ERBIL (Kurdistan 24) – The Iraqi High Commission for Human Rights has announced it will bring a lawsuit against the leadership of Kirkuk Provincial Council (KPC), arguing that its failure to function or even to convene sessions amount to human rights violations against its citizens.
"The Kirkuk Provincial Council has not held a session since Oct. 16, 2017, which is contrary to the law," read a statement released on Thursday. "It causes damage the province's maintenance, security, and the implementation of projects."
It added, "Iraqi penal code no. 111 of 1969, article 364, punishes with two years of imprisonment and fines each employee or charge of public service deliberately neglecting their duties and having an impact on the lives of people and their health."
The oil-rich and ethnically diverse province has been at the heart of major disagreements between Iraq's two leading Kurdish parties over the past few years, especially after Iraqi forces and Shia militias attacked and took over Kirkuk and other disputed territories on Oct. 16, 2017, in response to the Kurdistan Region's independence referendum.
An ongoing rift between leading factions in the local legislature caused a key session to be delayed indefinitely, yet again, when the body failed to achieve quorum on April 30.
"We wanted to hold a session on several issues regarding Kirkuk Province but this failed because many council members were not present," said council member Tahsin Kahiya during a press conference later that day.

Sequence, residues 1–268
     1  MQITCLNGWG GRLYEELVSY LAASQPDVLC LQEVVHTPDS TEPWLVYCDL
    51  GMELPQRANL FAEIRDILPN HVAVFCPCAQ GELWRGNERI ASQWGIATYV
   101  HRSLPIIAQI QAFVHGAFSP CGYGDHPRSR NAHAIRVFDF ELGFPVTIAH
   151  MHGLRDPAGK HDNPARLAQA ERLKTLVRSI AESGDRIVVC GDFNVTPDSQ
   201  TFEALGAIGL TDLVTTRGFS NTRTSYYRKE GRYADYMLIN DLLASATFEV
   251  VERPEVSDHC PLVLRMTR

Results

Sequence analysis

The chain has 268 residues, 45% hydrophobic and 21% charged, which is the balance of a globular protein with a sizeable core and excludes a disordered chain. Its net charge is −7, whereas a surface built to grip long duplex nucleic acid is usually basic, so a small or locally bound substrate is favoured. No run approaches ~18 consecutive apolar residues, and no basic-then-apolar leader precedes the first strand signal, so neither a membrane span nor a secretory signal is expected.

The KPC was expected to discuss and, possibly, elect a new governor. The position is currently occupied by a Baghdad-appointed bureaucrat that has held the office since late 2017 following the ouster of Kurdish governor Nejmaldin Karim.
A coalition between the Kurdistan Democratic Party (KDP) and the Patriotic Union of Kurdistan (PUK), which now holds 26 seats in the 41-seat provincial legislature, appointed Karim as Kirkuk's governor in 2011. After the events of October 2017, however, he was forced to leave the city and his post.
Along with Karim, many members of the KPC, including its head, fled for the Kurdistan Region. Many refuse to return to the province until the situation there is returned to pre-2017 conditions which would include an end to what many of them call the current military rule by Iraqi forces and militias.
Kirkuk is claimed by both the Kurdistan Regional Government (KRG) and the federal government of Iraq. The population is made up of Turkmen, Arabs, Christians, and a Kurdish majority.
The future of the province was constitutionally mandated to be determined through a referendum as outlined in Article 140 of the Iraqi constitution, which stipulated that the vote was to be held before the end of December 2007. More than a decade after the deadline, the article remains wholly unimplemented.